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Thread: Project update:smoothing tricky grain, almost finished

  1. #1
    Join Date
    Oct 2007
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    Nova Scotia, 45N 64W
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    Project update:smoothing tricky grain, almost finished

    I'm working on a couple of little projects with the curly ash I've had up in the barn for a few years. Our younger son needed a tall, narrow bookcase for his dorm room and he chose a highly-figured piece for the backboard at the top.
    Here's the rough-cut board below.

    We smooothed up that piece using some fairly crude methods (beltsander) after jointing and thicknessing. The amount of tearout was really serious and unacceptable.

    What's your preferred method of smoothing wild grain? Any guidance on some handplane choices? What about LV's scraper plane? Cabinet scrapers? High angle? Low angle?

    Thanks guys. Enjoy the weekend.
    Peter
    Attached Thumbnails Attached Thumbnails curly ash boards, figured grain 002.jpg  
    Last edited by Peter Rideout; 02-07-2011 at 07:03 PM.

  2. #2
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    RETIRED(!) in Austintown, Ohio
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    I'd start with a high-angle smoother - maybe 55 or even 60. You'll likely have to build your own 'Krenov' style. Set it for a VERY slight cut. Actually, you'll have to set it light, because it'll be so hard to push with such a high angle.

    For really nasty spots, you'll likely end up using card scrapers, but be careful not to scrape furrows into the wood. Do that, and you'll be starting over again with the smoother. (DAMHIKT)
    Jim D.
    Adapt, Improvise, Overcome!

  3. #3
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    Delton, Michigan
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    power method is to use a drum sander to get them out then hand sand after that or use a card scraper like jim said. just got done doing some very curly hard maple for tom,,it had at least 1/16 divots in it from the planer of someone. curly grain is nice to look at but it takes time to get it right.
    If in Doubt, Build it Stout!
    One hand washes the other!
    Don't put off today till tomorrow!

  4. #4
    Join Date
    Jun 2008
    Location
    GTA Ontario Canada
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    Peter having just sharpened my no 80 Stanley and flattened the bottom properly and installed a new blade i would use something like that.

    It worked pretty well for me on some walnut i experimented with that had some tough grain.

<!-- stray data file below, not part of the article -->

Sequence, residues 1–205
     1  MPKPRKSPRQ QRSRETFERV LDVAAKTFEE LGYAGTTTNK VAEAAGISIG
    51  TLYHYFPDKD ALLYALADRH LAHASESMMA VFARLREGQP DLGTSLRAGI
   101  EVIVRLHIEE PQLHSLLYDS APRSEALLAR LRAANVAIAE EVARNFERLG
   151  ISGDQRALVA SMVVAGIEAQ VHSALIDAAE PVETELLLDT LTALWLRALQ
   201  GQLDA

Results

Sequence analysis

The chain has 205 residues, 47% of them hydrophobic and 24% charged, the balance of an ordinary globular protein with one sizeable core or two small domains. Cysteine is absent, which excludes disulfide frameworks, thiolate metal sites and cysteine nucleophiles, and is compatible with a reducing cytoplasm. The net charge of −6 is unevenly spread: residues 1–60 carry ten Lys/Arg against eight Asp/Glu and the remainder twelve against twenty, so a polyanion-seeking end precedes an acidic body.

You can come by them on ebay for a few dollars and they clean up well and work fine. LV also has their own version.

    Of course if its a large area its going to be quiet the task and then Jims point would start to be one to be concerned with.



    Jim what about if Peter has a smoother that he just grinds a back bevel on the rear of the blade in a bevel down smoother to increase the angle of attack.

    Peter do you have any smoother planes like an old Stanley?
    cheers

  5. #5
    Join Date
    Mar 2008
    Location
    new york city burbs
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    10,188
    curly maple dorm furniture...............kids got taste.

    My daughter got cinderblocks and old plywood with paint stains on them her first year away at school.

  6. #6
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    Oct 2007
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    Nova Scotia, 45N 64W
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    Thank you for the advice guys. I think I'll be going with more of the mechanical approach to get this project done. We don't have a drum sander, but I can take it to a friend nearby. I'll try the card scrapers for a light final step.
    It looks like I better get on board the handplane method in order to do this right in the longer run. I appreciate your comments Larry, Jim and Rob and will be putting them into action. We got a laugh out of your comment Allen, plywood won't do for this guy

    Now, back to the shop! Have a great day.
    Peter

  7. #7
    Join Date
    Oct 2007
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    Nova Scotia, 45N 64W
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    Hello Everyone
    Just wanted to post a couple of pics of the almost finished "Curly Ash Dorm Room Bookcase". The accent piece at the back of the top shelf turned out pretty good, I think.
    Just some Minwax "Golden Oak" stain on so far, several coats of oil-based satin poly to follow. It will have a back as well.
    Comments welcome. Thanks for looking.
    Peter
    Attached Thumbnails Attached Thumbnails curly ash bookcase, Feb 2011 001.jpg   curly ash bookcase, Feb 2011 006.jpg  
    Last edited by Peter Rideout; 02-07-2011 at 07:51 PM. Reason: spelling

  8. #8
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    I like the way it turned out.
    Chinese Proverb: Man who eats many prunes gets good run for the money.

  9. #9
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    May 2007
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    Orem, Utah
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    Love the curves ... and the curl.

  10. #10
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    Jul 2009
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    Amherst, New Hampshire
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    That came out great. The curves are really graceful. Some real pretty wood too.
    Faith, Hope & Charity

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